This is a stark reminder that if we want Jesus to shine his light on us, we must be willing to do our part to keep the covenant. No church has a secure and permanent place in the world. Every church is continuously on trial. Jesus continues to demand our faithfulness. We dare not become complacent for, if we do, we risk losing his light. We must always strive to keep the first love strong and fresh in our hearts.


“He who has an ear, let him hear what the Spirit says to the churches. To him who overcomes, I will give the right to eat from the tree of life, which is in the paradise of God.” (v. 7)

Each of the seven letters ends with a promise to those who overcome and obey. The promise in this letter is that those who overcome will be given the right to eat from the tree of life.

It’s interesting that this promise offers free access to the very tree that was previously forbidden to humanity in Genesis 3:22 when Adam and Eve were driven from the garden of Eden. But now, it is freely there for those who overcome.

This, of course, is God’s promise of eternal life. This eternal life is to know God’s love, that first love, both in this life on earth and eternally in heaven. The reward for renewing our first love is to be swallowed up in everlasting love in the kingdom of heaven. That is God’s promise to all who continue in that first undying love.

He who has ears, let him hear what the Spirit continues to say to the churches.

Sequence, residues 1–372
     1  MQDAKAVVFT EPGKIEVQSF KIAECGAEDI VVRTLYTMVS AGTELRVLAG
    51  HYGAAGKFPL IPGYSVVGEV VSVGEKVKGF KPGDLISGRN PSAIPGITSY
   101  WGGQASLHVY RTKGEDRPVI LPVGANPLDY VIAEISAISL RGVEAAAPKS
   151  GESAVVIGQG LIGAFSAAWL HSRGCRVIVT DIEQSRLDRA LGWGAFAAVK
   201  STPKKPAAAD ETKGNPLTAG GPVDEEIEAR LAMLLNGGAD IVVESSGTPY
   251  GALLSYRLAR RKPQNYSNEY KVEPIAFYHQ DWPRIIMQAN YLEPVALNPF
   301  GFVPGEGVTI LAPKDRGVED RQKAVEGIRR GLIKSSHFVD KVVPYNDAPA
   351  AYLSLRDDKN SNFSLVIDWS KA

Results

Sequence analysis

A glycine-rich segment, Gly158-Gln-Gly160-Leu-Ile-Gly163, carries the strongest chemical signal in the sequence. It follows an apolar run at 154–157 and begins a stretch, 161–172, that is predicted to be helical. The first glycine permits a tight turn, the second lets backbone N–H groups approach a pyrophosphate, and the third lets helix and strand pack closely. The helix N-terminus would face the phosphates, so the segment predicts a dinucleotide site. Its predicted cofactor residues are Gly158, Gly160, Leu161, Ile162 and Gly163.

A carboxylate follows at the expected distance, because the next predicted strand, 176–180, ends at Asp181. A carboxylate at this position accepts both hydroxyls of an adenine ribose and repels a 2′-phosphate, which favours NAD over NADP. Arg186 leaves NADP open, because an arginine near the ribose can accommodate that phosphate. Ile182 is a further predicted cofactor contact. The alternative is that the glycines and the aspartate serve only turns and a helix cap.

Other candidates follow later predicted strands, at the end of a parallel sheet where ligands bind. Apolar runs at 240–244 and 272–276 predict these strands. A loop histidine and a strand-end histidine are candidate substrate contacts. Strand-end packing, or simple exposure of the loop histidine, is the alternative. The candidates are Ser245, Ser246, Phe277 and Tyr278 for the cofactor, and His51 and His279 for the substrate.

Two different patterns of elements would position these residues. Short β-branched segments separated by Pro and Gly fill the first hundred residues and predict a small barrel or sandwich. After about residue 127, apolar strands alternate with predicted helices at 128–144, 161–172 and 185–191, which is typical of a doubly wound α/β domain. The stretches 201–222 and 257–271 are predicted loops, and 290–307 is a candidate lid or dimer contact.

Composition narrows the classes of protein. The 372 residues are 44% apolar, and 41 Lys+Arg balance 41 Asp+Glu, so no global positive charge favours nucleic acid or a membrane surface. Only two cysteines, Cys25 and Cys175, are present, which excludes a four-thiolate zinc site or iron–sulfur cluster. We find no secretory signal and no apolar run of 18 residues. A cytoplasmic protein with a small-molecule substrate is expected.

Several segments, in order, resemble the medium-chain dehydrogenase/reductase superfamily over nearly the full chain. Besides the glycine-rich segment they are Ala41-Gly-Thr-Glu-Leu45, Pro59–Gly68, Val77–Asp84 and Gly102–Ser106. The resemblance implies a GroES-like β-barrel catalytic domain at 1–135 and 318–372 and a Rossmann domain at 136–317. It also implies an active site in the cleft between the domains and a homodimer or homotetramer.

Next week, we will travel with the letter carrier as he makes his way to the city of Smyrna.


Loving God, we come as children seeking the pure spiritual milk that only you can offer. We come from our busyness and the stresses of everyday life to find refreshment for our spirits. You, O God, offer us what we can find nowhere else. You nourish us and nurture us. You give us peace and security. You protect us from the powers that would harm us. You lift us above the difficulties of life and enable us to deal with whatever is thrown our way. Thank you for staying with us. Thank you for walking beside us and never leaving us alone. Even when we forget about you, you do not forget about us. How great and awesome you are.

We offer our thanks for the coming spring. It’s been wet but pray for some drier weather that the farmers may get onto their land to get the seeding done. We also pray for the bees that pollinate our fruit trees in the various orchards in the county. We pray even now for a good harvest this fall, thankful that you hear our prayers.